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Wolfram Promises Computing That Answers Questions

zero_offset Re:New Kind of Science? (369 comments)

You may have also noticed he operates a business by that name. Crazy, I know!

more than 5 years ago
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Wolfram Promises Computing That Answers Questions

zero_offset Re:Seen this before? (369 comments)

Not even close. I asked it for the population of a nearby county and the answer was something like "Hopefully this page can answer your question:" with a link to the Wikipedia page about that county. Click on the link explaining how Start works and you'll see that even they don't pretend that it's really the same thing. The emphasis with Start is on parsing Natural Language Queries, period.

more than 5 years ago
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Jackson Slated to Make Hobbit Movie, Sequel

zero_offset Re:sequel? (496 comments)

Documentary based on the Silmarillion

Now that is a brilliant idea.


Oh god, no... are you insane? The Silmarillion was like the Old Testament "Numbers" but for people who fantasize about fucking elves. And yeah, "fucking" is a verb in that sentence. "And Elbereth begat Dorkagar who begat Losermir and Choadalwyn, and Choadalwyn began Unwashedereth who did dewll in his mother's basement."

about 7 years ago

Submissions

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zero_offset zero_offset writes  |  more than 7 years ago

zero_offset (200586) writes "A certain sector of the geek world is into cars and motorcycles, and what could be more newsworthy and exciting than a whole new layout for the internal combustion engine? The NEVIS Engine Company has taken on a task that The Red Herring describes as downright Sisyphean: reinventing the venerable internal combustion engine to dramatically improve efficiency and reduce emissions. We've heard that claim before, but this engine, using the new "Bortone cycle," is a complete re-think of the typical four-stroke piston-in-cylinder internal combustion process. They are claiming twice the efficiency of a standard Otto cycle engine. Their prototype is producing 250 HP at 2000 RPM from a 1 liter 2-cylinder setup, so yes, it runs. A detailed description is available on the Technology Overview page, but be sure to hit their images page and step through the pictures in order: watching the person assemble the engine step-by-step helps clarify how it works."
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zero_offset zero_offset writes  |  more than 7 years ago

zero_offset (200586) writes "The Tokyo Institute of Technology has announced a process for creating an inexpensive, nearly transparent, electrically conductive alumina cement, reports Pink Tentacle, a blog that focuses on a broad range of interesting news from Japan. Conductivity is comparable to metal, and the transparency should be adequate for use in display panels. The process relies upon commonplace and inexpensive metals compared to the rare metals such as iridium currently used in display panels. (This is probably useful in many other ways, but slashdot's section/topic choices for articles are somewhat arbitrary and limited.) The blog links to several Japanese-language articles which have defied all my attempts to translate them."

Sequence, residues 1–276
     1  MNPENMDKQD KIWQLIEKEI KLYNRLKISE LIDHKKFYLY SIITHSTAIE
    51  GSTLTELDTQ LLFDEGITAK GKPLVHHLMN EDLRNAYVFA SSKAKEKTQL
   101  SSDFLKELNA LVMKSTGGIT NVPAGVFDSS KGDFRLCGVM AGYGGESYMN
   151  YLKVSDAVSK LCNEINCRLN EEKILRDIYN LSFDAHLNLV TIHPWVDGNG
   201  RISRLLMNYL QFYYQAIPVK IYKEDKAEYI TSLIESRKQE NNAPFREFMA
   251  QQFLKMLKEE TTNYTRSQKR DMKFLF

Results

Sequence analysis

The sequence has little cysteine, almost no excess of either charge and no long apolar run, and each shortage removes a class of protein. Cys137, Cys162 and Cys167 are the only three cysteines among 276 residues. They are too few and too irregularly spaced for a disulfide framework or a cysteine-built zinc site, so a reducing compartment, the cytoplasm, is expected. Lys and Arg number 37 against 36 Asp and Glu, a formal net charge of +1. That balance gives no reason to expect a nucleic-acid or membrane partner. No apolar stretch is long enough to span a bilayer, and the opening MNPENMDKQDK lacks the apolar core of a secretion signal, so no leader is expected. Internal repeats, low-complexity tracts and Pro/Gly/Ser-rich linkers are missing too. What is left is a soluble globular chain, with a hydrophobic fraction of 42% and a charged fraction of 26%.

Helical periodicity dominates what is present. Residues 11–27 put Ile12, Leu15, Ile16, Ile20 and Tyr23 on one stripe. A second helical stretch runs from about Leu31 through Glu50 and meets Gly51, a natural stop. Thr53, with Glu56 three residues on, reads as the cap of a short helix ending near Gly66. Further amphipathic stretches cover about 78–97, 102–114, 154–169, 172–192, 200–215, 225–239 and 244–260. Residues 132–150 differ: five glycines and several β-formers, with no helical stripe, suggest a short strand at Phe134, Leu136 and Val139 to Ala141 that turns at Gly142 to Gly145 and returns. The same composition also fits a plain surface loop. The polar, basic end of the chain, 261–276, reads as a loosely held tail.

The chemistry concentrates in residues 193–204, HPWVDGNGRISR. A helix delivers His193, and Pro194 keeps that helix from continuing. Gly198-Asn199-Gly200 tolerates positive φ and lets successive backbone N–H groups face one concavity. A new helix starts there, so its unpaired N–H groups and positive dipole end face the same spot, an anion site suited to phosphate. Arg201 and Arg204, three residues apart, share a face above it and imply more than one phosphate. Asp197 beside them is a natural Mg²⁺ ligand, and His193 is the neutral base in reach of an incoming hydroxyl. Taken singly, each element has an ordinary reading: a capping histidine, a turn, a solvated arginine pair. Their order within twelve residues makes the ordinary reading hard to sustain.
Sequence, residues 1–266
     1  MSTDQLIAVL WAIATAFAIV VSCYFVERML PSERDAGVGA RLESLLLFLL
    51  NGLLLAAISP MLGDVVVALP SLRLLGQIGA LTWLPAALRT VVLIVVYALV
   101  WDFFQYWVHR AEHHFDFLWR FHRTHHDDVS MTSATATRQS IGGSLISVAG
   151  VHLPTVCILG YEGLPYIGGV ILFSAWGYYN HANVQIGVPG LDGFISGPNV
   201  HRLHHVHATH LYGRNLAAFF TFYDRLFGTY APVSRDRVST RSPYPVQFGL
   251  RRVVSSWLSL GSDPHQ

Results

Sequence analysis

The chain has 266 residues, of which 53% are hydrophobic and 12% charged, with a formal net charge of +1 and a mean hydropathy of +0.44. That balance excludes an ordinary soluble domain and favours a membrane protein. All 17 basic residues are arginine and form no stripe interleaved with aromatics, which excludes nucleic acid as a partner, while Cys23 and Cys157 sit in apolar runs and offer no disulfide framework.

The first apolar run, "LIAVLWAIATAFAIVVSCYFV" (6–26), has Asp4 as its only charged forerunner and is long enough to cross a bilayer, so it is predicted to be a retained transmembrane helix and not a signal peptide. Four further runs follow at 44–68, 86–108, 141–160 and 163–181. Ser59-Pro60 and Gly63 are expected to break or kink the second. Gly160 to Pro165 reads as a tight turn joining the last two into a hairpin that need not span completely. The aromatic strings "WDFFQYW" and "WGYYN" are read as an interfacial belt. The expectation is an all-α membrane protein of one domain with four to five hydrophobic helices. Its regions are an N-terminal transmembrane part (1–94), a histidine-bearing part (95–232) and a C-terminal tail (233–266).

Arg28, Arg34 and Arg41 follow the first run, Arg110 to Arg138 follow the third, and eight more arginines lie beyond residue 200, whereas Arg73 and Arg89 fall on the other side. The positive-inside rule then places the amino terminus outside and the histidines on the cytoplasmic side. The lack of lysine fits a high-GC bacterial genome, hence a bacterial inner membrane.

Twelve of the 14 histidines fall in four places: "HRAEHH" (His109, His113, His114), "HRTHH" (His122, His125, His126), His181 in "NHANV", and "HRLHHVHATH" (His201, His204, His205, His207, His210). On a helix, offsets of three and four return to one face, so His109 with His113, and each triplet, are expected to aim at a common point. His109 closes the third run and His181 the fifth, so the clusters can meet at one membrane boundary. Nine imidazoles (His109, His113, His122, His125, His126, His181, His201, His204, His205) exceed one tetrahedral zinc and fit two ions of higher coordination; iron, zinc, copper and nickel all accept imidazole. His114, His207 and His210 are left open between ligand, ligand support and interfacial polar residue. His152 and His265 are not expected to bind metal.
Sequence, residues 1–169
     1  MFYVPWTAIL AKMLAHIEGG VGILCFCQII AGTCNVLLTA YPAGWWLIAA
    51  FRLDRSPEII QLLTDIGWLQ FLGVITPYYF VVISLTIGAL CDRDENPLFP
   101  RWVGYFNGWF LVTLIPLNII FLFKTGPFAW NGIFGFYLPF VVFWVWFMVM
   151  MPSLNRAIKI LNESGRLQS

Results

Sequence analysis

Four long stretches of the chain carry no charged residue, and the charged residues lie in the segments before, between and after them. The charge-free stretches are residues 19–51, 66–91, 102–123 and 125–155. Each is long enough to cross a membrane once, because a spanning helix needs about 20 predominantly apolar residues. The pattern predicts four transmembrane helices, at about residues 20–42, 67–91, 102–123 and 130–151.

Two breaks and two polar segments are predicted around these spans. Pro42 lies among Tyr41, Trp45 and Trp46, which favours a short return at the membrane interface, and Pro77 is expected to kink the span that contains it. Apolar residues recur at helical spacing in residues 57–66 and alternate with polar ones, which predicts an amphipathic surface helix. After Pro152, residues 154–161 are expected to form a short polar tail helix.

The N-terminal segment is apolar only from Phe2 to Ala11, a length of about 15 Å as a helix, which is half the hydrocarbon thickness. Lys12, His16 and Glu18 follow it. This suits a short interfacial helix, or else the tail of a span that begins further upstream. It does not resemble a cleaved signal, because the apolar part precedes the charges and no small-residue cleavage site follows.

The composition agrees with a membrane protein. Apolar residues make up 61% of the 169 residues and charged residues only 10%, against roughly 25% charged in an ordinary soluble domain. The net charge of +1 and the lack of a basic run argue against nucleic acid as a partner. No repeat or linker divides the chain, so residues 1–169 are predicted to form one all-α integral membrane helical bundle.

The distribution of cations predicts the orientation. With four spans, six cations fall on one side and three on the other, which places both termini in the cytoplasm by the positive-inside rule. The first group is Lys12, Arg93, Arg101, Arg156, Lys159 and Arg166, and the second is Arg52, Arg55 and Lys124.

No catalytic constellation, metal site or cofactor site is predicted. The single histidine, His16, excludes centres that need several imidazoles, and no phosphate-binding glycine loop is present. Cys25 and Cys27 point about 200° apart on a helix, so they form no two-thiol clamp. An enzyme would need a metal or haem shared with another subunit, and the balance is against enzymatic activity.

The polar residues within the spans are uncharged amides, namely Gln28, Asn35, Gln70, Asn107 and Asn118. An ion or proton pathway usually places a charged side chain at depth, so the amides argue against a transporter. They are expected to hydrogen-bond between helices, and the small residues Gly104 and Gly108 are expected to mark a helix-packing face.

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zero_offset zero_offset writes  |  more than 7 years ago

zero_offset (200586) writes "Over the past few days many sources (for example, InformationWeek) have been reporting that a Canadian company named D-Wave Systems announced that tomorrow, February 13th, they'll demonstrate a commercially-available 16-qubit quantum computer. The founder and CTO states, "It doesn't do any kind of communications or cryptographic applications, but instead solves multivariable, combinatorial problems on our own supercooled quantum computer." Other sources are reporting that companies such as IBM are skeptical. Based on a 2005 article in Technology Review which stated they were looking at a 3-year timeline, it would appear they're ahead of schedule."
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zero_offset zero_offset writes  |  more than 8 years ago

zero_offset (200586) writes "A device called On Time, designed and sold by Payment Protection Systems, is designed to disable a car's ignition system if the buyer misses the loan payment due-date. Several days leading up to the due-date, numeric indicators light up to warn the driver that the deadline is approaching. The company also offers a GPS-locator option. Apparently the On Time device has been in production since 1999. It is primarily marketed to used car dealerships who cater to higher-credit-risk buyers. The device has appeared in the news several times in the past year (for example, stories in Billings Gazette, St. Petersburg Times, and The Arizona Republic), suggesting its popularity with dealers is on the rise. The part which caught my attention was this: despite the relative simplicity of vehicle ignition systems, the PPS website claims that removal of the device is "virtually impossible," but other than citing a mysterious wireless signal sent from an "untraceable location" there is no further explanation of how it actually works.

(p.s. Slashdot really needs an "Automotive" section or topic.)"

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